After decades, perhaps centuries, of controversy, a few heated letters to the editor of a small town Manitoba newspaper were instrumental in finally solving the Israeli-Palestinian conflict once and for all.
“I can’t believe my letter to the local paper had such a profound impact,” said recent Nobel Peace Prize recipient Mr. Sam R. Froese of Blumenort. “I’m happy to hear that my 150 rambling and incoherent words will bring peace and stability to the region for all eternity.”
Froese had been embroiled in a back-and-forth letter war with Mr. Frank W. Hildebrand of Kleefeld, who felt Froese’s views on the situation didn’t take into account the full historic context nor the full breadth of scriptural teaching on the topic.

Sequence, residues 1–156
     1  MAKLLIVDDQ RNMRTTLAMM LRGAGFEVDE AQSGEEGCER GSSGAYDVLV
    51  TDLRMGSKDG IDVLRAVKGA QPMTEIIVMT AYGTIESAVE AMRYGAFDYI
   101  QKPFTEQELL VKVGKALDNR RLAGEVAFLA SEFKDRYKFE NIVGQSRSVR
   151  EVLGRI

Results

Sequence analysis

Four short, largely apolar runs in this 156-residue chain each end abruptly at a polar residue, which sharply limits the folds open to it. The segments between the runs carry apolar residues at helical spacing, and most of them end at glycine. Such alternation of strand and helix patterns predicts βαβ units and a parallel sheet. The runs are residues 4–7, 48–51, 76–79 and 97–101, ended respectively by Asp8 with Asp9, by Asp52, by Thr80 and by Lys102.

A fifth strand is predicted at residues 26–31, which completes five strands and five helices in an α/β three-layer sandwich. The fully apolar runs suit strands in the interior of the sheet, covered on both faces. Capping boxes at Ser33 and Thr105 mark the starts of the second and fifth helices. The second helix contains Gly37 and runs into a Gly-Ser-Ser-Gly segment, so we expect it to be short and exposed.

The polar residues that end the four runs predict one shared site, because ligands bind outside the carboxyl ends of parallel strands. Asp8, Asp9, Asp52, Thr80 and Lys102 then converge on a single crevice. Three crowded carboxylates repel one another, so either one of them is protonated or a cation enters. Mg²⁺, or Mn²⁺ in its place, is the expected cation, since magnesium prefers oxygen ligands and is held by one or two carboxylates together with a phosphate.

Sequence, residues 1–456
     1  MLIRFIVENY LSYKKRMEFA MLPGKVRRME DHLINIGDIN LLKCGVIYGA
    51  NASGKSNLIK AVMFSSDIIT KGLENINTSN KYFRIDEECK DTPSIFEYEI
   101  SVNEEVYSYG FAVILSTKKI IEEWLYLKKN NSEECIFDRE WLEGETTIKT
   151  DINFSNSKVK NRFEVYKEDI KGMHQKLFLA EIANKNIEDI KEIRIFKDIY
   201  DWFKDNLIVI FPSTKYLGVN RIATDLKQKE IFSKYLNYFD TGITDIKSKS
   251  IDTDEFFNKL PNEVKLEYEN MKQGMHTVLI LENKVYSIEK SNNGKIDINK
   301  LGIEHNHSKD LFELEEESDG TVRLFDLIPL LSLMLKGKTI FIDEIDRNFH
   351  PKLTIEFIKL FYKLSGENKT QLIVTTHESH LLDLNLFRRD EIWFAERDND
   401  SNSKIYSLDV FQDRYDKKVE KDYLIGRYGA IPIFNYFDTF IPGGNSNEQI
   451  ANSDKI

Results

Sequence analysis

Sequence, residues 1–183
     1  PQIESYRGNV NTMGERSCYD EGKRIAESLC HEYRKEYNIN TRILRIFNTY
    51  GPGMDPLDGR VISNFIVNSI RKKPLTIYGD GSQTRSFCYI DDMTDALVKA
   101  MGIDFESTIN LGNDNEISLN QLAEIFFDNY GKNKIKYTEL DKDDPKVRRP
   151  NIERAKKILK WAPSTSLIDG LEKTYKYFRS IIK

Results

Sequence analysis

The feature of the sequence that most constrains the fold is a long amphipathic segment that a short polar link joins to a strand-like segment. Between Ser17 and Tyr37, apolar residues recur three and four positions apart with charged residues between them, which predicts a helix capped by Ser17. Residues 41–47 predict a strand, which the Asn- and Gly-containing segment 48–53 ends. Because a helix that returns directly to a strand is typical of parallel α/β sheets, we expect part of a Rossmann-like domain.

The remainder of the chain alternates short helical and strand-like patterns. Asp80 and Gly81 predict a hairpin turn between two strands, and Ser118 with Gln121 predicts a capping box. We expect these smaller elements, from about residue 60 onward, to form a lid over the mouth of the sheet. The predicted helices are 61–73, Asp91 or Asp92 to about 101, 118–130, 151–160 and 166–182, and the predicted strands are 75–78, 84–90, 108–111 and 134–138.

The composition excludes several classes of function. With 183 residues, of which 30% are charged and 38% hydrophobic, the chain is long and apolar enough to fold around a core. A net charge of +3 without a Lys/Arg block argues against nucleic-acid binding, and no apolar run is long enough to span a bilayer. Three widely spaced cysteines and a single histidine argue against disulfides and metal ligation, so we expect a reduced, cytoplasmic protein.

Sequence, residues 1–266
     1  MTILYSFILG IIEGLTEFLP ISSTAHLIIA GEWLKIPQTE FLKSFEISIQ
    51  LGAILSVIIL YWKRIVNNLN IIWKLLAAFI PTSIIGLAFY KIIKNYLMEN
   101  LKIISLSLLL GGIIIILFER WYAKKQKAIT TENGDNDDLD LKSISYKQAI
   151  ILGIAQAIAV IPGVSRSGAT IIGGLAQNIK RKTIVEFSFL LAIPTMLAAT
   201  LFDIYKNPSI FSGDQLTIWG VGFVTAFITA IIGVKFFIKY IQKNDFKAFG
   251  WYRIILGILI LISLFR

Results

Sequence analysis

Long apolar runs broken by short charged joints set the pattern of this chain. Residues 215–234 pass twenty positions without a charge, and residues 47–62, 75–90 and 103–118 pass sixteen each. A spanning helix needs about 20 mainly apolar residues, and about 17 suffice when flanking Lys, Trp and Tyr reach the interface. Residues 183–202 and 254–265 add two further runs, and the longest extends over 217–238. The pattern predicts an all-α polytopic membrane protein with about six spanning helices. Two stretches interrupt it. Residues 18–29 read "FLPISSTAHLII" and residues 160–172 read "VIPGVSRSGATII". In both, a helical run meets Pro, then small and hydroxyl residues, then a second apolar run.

“We had been discussing the issue for years at the local A & W, but I just decided I finally had to say something when I saw Sam’s letter,” explained Hildebrand. “Convincing other Steinbachers what to think about complex global issues is absolutely crucial if we’re going to see change in this world.”
Although their views on the matter differed slightly, both Hildebrand and Froese were awarded the Peace Prize because the sheer depth of their knowledge about the issue far surpassed that of anyone else alive.
“Who would have thought that a couple marginally-educated Mennonites from Steinbach would bring about world peace with a few letters to the editor,” explained one committee member, “but it looks like those letters finally paid off. Now, I’m just worried they’ll have nothing to talk about at the A & W.”
Hildebrand and Froese are reportedly busy consuming Mozza burgers as they work out a plan to solve world hunger, the refugee crisis, and what to do about Kim Jong-Un.